Older Humans and Their Dogs

Interspecies Companionship and Anticipating Loss





human, dog, companionship, interspecies, ageing, loneliness


Loneliness and a lack of socialization can have a deteriorating effect on life experience and health. Unfortunately, loneliness is an experience often felt by older people, and interspecies companionship can provide valuable and daily interaction that is positive for well-being. In the place of another human, a dog may inhabit a role as a provider of emotional support.

In Judith Butler’s sense of performative identity, there is a becoming of that which we do. Using an approach of working with (rather than on) people, this informs sensitive and sympathetic methodologies for an analysis of the significance and benefit of interspecies companionship for older people in the initial stages of my artistic research project, Dogs and the Elderly. Made with participants of the Alzheimer’s Society’s “Memory Cafés” in Nottingham and Lincolnshire (UK), the project demonstrates how interspecies companionship can be valuable for supporting the emotional health and wellbeing of older people. This illustrated photo and text article discusses how the project’s older humans and their dogs inhabit a togetherness within supportive interspecies relationships in various ways, and how this contributes to their lived experience. It explores the stories of a group of people, living with or supporting others with early-stage Alzheimer’s, who speak to companionship with their dogs to articulate the significance of the relationship from their perspective.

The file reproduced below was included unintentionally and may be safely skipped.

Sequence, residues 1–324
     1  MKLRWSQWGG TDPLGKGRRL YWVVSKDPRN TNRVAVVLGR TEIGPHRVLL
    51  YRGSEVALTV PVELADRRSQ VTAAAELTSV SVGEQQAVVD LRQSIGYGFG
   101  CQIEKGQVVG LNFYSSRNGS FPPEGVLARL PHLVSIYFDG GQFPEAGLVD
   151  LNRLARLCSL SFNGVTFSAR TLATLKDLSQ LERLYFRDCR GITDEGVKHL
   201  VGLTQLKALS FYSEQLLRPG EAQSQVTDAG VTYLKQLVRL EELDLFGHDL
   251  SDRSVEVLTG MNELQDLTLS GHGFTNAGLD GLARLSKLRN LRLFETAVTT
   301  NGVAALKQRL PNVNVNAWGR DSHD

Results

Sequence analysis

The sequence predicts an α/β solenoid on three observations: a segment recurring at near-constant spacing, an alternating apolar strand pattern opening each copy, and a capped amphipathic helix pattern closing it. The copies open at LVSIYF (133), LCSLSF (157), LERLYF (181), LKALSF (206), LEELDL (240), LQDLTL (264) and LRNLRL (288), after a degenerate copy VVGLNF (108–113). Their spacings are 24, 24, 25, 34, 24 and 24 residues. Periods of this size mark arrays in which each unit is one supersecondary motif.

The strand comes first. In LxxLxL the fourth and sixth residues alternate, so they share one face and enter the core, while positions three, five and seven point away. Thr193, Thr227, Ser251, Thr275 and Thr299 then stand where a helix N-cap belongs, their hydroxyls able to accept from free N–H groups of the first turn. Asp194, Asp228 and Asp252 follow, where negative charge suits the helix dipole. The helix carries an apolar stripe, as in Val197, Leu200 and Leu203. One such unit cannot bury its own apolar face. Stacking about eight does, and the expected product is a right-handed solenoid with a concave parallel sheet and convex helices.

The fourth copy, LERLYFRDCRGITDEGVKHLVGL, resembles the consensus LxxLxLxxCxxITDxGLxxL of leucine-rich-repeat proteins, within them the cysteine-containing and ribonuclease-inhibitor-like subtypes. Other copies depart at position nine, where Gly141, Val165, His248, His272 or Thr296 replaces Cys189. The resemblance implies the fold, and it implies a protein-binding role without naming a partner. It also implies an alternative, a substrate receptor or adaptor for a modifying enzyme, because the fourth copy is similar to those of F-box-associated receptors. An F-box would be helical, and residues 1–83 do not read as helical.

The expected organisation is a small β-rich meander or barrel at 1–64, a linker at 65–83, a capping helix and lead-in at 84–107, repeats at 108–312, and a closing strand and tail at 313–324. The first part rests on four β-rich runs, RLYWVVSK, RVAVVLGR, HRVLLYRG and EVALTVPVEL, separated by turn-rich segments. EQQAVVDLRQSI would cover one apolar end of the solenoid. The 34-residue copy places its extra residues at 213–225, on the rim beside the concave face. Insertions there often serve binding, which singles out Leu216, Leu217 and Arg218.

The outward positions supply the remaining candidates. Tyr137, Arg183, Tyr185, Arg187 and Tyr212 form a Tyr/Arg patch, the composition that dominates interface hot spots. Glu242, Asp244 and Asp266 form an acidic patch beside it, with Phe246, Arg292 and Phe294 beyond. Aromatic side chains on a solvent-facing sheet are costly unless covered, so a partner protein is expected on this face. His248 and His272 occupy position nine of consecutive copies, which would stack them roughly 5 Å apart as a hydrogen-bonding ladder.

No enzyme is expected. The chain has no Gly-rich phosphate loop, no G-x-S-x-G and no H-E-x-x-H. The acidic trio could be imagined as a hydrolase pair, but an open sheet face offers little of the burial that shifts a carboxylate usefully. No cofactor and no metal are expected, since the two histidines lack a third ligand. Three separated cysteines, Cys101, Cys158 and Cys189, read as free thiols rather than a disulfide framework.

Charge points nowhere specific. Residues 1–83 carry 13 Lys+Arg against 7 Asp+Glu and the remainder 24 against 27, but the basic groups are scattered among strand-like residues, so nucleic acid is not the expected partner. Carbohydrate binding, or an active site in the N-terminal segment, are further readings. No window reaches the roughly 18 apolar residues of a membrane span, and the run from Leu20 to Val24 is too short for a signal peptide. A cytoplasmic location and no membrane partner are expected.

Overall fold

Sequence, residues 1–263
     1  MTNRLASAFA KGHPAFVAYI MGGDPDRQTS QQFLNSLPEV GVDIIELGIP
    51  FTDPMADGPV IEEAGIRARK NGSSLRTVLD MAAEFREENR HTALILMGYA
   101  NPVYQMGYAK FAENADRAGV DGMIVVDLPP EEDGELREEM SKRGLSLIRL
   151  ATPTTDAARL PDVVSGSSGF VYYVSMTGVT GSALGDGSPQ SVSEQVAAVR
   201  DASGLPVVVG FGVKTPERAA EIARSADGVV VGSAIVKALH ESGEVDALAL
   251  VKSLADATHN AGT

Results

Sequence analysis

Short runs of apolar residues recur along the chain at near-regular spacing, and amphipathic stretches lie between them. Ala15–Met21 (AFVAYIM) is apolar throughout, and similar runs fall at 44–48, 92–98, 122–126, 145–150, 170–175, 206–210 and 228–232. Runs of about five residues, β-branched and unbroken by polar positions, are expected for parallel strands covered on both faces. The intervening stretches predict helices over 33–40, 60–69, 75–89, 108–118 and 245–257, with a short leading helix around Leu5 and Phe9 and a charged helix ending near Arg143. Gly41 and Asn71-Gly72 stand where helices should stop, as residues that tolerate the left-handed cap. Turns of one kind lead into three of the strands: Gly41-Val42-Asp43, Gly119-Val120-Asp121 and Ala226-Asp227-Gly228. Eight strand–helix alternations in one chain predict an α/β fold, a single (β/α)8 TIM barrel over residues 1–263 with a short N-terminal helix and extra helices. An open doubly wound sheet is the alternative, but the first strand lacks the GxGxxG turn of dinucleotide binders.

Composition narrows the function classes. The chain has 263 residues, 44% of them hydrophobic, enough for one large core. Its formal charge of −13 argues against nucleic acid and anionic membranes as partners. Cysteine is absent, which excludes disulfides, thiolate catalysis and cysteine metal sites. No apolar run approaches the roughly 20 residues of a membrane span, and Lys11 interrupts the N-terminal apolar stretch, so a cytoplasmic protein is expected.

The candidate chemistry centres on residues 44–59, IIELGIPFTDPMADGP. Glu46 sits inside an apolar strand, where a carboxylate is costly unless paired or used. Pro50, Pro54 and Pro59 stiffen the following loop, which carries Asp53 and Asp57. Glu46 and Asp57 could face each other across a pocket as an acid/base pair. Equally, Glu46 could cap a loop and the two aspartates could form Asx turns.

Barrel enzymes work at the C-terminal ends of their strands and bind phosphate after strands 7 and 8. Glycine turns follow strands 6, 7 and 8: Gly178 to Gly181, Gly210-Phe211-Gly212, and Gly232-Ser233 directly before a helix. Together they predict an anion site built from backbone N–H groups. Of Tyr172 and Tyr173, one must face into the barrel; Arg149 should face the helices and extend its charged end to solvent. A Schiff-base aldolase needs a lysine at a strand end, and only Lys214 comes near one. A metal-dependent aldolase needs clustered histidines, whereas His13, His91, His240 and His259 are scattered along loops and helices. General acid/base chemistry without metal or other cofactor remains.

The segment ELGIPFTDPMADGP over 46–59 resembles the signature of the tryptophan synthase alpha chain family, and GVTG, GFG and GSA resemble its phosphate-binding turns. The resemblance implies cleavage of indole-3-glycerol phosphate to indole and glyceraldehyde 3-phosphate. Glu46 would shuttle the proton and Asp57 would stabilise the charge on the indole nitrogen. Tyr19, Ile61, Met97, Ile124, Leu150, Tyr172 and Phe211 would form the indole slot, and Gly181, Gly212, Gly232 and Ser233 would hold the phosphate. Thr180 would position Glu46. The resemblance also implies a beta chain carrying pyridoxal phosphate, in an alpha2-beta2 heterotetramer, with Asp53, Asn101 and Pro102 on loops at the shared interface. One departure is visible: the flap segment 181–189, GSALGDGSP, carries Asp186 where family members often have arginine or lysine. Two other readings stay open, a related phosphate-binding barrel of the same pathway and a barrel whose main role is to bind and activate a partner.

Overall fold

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Author Biography

Angela Bartram, University of Derby

Angela Bartram is an artist and artistic researcher working with thresholds of the human body, gallery or museum, definitions of the human and animal as companion species and strategies for documenting the ephemeral. Bartram is Professor of Contemporary Art and Co-Lead for the Creative and Cultural Industries Academic Theme and Research Centre at the University of Derby. Amongst other board affiliations, she is Vice President of the Society for Artistic Research and Trustee of the Board of Directors of the Live Art Development Agency. Her PhD in Fine Art is from Middlesex University.




How to Cite

Bartram, Angela. 2024. “Older Humans and Their Dogs: Interspecies Companionship and Anticipating Loss”. Humanimalia 14 (2):225–257. https://doi.org/10.52537/humanimalia.15998.




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